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  4. The Benefactors by Rudyard Kipling
The Benefactors

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Ah! What avails the classic bent
   And what the cultured word,
Against the undoctored incident
   That actually occurred?

And what is Art whereto we press
   Through paint and prose and rhyme—
When Nature in her nakedness
   Defeats us every time?

It is not learning, grace nor gear,
   Nor easy meat and drink,
But bitter pinch of pain and fear
   That makes creation think.

When in this world’s unpleasing youth
   Our godlike race began,
The longest arm, the sharpest tooth,
   Gave man control of man;

Till, bruised and bitten to the bone
   And taught by pain and fear,
He learned to deal the far-off stone,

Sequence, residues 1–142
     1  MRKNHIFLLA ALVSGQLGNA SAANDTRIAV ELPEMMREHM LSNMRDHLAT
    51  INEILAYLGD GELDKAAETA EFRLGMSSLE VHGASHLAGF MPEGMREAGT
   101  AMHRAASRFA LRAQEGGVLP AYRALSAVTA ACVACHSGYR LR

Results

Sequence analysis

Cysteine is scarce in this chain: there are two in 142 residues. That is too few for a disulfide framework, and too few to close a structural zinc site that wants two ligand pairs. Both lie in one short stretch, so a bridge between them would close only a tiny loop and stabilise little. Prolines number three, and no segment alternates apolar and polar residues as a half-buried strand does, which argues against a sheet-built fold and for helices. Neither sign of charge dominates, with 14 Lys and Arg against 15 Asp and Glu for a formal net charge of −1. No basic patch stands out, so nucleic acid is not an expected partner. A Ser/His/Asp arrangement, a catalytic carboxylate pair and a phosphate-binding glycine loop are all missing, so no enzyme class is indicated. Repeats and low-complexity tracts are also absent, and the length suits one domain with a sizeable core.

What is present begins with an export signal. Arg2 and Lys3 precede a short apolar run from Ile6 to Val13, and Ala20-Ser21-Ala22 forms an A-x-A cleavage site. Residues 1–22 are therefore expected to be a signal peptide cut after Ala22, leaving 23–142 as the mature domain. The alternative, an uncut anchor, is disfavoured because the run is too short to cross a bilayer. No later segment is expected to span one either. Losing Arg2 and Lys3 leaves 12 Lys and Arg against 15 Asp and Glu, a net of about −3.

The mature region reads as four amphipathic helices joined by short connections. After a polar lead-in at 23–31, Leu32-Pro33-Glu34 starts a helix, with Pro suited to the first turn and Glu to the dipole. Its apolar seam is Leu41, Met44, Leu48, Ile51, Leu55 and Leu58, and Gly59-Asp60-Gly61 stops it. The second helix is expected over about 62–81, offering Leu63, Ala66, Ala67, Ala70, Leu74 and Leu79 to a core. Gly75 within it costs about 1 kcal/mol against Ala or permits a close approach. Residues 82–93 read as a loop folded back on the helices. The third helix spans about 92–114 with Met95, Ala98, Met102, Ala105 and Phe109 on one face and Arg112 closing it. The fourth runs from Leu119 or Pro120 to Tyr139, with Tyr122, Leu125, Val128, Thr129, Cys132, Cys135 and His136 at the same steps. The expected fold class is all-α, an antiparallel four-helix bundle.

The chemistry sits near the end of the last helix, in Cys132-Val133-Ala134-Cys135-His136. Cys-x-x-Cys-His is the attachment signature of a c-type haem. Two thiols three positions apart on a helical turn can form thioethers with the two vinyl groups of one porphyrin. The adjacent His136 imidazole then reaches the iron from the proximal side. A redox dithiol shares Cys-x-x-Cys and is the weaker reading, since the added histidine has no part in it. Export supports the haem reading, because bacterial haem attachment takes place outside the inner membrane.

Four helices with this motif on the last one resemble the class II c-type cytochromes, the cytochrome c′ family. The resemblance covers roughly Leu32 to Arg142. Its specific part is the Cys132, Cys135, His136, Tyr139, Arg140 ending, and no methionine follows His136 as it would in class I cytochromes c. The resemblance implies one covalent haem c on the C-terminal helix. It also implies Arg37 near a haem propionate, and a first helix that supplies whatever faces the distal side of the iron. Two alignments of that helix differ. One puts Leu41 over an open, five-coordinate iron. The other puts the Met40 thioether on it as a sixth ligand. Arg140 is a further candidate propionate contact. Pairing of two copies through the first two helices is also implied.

And poke the long, safe spear.

So tooth and nail were obsolete
   As means against a foe,
Till, bored by uniform defeat,
   Some genius built the bow.

Then stone and javelin proved as vain
   As old-time tooth and nail;
Till, spurred anew by fear and pain,
   Man fashioned coats of mail.

Then was there safety for the rich
   And danger for the poor,
Till someone mixed a powder which
   Redressed the scale once more.

Helmet and armour disappeared
   With sword and bow and pike,
And, when the smoke of battle cleared,
   All men were armed alike. . . .

And when ten million such were slain
   To please one crazy king,
Man, schooled in bulk by fear and pain,
   Grew weary of the thing;

And, at the very hour designed
   To enslave him past recall,
His tooth-stone-arrow-gun-shy mind
   Turned and abolished all.

All Power, each Tyrant, every Mob
   Whose head has grown too large,
Ends by destroying its own job
   And works its own discharge;

And Man, whose mere necessities
   Move all things from his path,
Trembles meanwhile at their decrees,
   And deprecates their wrath!

Source: A Choice of Kipling's Verse (1943)
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The Benefactors

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